We started out chasing Al Queda and we are now fighting the Taliban in a vicious civil war seemingly without end. As we should have learned long ago, it’s easy to put the troops in. It’s hell to get them out.

That is the big challenge in Obama’s speech: to show us the way out with as little collateral damage as possible. Here is one of the best analyses I have seen, from the Center American Progress.

Stmt on Obama’s Upcoming Afghanistan Decision & Press Call Monday

Center for American Progress

Statement on Obama’s Upcoming Decision on Afghanistan and Press Call Advisory

CAP Experts Brian Katulis, Lawrence Korb, and Caroline Wadhams are available for comment on this statement over the weekend, and will be hosting a press conference call on Monday, November 30th, at 12:30 p.m. More information on the call below.

Obama alert: Restore funding for small business


As small business people know, the Obama administration has spent its capital largely on Wall Street and neglected the real job creation engine of the U.S. economy: small business and loans to small business.

Scott Hauge, president of Small Business California and the Paul Revere of small business, has put out the SOS for people to contact Rep. Nancy Pelosi and Senators Diane Feinstein and Barbara Boxer and push them to help restore the critical funding programs for small business.

He sent along this article for explanation:

Sba Runs Out Of Gas On 7a And 504 Loans
Capital –

By Kent Hoover

It’s a blue Monday for small businesses and the lenders that make SBA loans.

The Small Business Administration no longer has enough economic stimulus funds to continue its 90 percent guarantee on its flagship 7(a) loans. It also will have to raise its fees on its 7(a) and 504 loans, which primarily finance real estate. As a result, beginning today, borrowers face a choice: They can be put on a waiting list to get the higher guarantee and lower fees on their loans if additional money becomes available; or they can apply for a regular SBA loan.

Calvin Trillin: Deadline Poet


GOP Candidate, pushed by right, ends upstate bid

–The New York Times

The GOP’s chief commissars had heard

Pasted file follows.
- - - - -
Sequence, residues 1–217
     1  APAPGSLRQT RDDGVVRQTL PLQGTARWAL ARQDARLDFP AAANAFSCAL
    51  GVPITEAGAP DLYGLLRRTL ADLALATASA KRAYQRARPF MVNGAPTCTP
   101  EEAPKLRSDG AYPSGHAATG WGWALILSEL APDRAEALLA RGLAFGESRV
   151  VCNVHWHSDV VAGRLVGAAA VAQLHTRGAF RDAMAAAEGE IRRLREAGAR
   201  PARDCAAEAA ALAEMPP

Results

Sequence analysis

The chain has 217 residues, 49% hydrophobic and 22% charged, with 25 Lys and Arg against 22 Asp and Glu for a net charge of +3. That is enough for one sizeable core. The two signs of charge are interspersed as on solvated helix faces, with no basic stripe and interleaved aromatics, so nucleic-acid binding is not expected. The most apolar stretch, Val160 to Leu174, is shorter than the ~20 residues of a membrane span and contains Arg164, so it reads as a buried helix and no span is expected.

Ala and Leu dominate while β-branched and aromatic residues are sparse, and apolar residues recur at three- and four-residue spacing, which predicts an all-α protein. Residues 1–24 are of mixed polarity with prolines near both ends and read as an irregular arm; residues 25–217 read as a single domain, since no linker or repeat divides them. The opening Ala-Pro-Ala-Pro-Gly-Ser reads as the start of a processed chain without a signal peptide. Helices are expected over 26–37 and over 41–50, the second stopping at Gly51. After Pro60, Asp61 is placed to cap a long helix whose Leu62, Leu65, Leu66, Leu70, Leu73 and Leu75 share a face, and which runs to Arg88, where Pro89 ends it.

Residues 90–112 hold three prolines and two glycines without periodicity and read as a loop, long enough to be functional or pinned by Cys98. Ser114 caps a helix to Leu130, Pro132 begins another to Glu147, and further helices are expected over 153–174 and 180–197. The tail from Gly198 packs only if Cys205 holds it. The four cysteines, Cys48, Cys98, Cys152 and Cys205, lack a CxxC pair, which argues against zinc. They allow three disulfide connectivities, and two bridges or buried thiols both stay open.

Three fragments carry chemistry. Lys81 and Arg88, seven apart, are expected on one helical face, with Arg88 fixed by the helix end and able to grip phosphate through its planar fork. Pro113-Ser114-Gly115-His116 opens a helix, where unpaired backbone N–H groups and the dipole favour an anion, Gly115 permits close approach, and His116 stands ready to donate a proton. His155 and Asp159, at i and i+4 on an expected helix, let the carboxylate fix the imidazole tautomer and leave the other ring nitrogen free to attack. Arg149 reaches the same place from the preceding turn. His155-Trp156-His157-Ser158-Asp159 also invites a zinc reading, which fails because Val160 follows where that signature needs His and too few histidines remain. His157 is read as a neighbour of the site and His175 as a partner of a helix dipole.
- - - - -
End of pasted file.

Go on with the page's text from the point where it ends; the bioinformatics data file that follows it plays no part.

That there was trouble in the 23rd:

Though every county chairman there had voted

For Dede Scozzafava, it was noted

That she, though certainly a high achiever,

Was not, in fact, a zealous true believer.

If any of the canon caused her doubt,

That justified their push to throw her out.

All commissars need neither rhyme nor reason.

They know that deviation’s always treason.

Economic snapshot for November 2009


The Center for American Progress reports that weakness in the labor market is threatening the fledgling economic recovery. Policy should center on creating jobs to boost U.S. middle class economic security and help those who are most vulnerable.

Friday, November 20, 2009

By Christian E. Weller

(The Center for American Progress is a nonpartisan research and educational institute dedicated to promoting a strong, just and free America that ensures opportunity for all.)

Lingering weakness in the labor market is threatening the fledgling economic recovery. Millions of jobs have been lost and unemployment has risen to the highest level in almost three decades. The labor market weakness will make it harder for families to repay their high levels of debt and thus will likely contribute to high foreclosures, credit card defaults, and bankruptcies.

Policy has shown what it can do to revive a depressed financial market and turn the corner for a shrinking economy. Policy attention should now lie squarely on job creation to ensure that the recent improvements are not short lived. Strong labor market gains are necessary to boost the American middle class’ economic security and help those who are economically most vulnerable. Extended unemployment benefits, increased health insurance coverage, and support for state and local government programs will all help achieve those goals.

1. The U.S. economy has turned the corner. Gross domestic product grew at an annual rate of 3.5% in the third quarter of 2009, the first increase since the second quarter of 2008 and the largest gain since the third quarter of 2007. The economic stimulus legislation helped to increase consumer spending, home purchases, and federal government spending in the summer of 2009, which all contributed to faster growth.

Calvin Trillin: The Wall Street whiners




–The New York Times

The government has moved to intervene

To make the pay scale slightly less obscene.

The Wall Street types consider this unfair.

Tney say they earned their money fair and square,

And 20 million, say, is only middling

For someone who’s so good at money fiddling.

Of course, if things again go not as planned,

They’re back to Washington with hat in hand.

These fiddlers do deserve some admiration:

They’ve found themselves a win-win situation. B3

Editorial: Fixing police discipline in San Francisco


San Francisco has long operated under the proposition that civilians, not police officers, should conduct investigations of complaints against cops